Patients with alcoholic Korsakoff's syndrome, Huntington's Disease, Alzheimer's Disease or right-hemisphere damage were administered a picture recognition task in which they attempted to associate specific human and animal figures with particular scenic backgrounds. Under one condition (no-story), no explicit verbal cues were provided to help the patients associate the figures with the scenes; in a second condition, stories linking the figures to the background scenes were read to the patients during the study period. Although all four patient groups were impaired in picture-context recognition under the no-story condition, the groups differed significantly in their ability to use the stories to improve their pictorial memory. The Huntington and right-hemisphere patient's picture recognition showed significant improvement when stories were provided, whereas the Korsakoff and Alzheimer patients failed to use this verbal material in a productive manner. The groups also differed in their tendency to make intrusion (i.e., perservative) errors on the picture-context recognition task. These group differences may be related to the combination of language, cognitive and motivational deficits associated with each disease.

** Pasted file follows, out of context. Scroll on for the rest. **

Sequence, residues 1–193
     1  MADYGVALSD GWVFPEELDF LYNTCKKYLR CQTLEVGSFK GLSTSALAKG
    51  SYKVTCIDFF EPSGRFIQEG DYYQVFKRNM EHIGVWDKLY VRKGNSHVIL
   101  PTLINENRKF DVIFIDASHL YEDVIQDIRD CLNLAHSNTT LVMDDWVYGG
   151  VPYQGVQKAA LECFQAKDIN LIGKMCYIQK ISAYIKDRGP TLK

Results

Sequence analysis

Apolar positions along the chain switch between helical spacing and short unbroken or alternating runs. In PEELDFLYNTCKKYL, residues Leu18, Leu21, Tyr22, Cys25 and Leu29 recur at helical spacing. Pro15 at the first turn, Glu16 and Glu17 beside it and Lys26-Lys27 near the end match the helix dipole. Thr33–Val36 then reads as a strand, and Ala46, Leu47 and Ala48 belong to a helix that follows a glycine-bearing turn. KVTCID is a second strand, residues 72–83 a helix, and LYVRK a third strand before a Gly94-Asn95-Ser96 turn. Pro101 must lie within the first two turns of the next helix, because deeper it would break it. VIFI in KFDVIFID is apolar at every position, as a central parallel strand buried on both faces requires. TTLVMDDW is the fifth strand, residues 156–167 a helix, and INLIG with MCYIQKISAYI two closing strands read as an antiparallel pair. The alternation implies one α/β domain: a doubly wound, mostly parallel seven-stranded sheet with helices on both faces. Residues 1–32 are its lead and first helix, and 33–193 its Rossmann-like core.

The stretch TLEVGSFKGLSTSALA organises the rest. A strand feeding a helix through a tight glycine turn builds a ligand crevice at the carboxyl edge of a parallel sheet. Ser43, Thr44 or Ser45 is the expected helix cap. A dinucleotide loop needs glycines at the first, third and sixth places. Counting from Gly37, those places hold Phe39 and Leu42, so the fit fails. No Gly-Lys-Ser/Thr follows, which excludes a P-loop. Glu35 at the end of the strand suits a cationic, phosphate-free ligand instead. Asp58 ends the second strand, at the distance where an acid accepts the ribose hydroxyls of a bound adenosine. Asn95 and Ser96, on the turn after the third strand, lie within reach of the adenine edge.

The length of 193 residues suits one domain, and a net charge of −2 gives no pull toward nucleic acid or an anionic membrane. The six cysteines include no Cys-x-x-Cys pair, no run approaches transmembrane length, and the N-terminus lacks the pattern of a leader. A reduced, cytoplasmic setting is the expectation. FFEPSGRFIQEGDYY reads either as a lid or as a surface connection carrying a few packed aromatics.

ASJC Scopus subject areas
- Experimental and Cognitive Psychology
- Cognitive Neuroscience
- Behavioral Neuroscience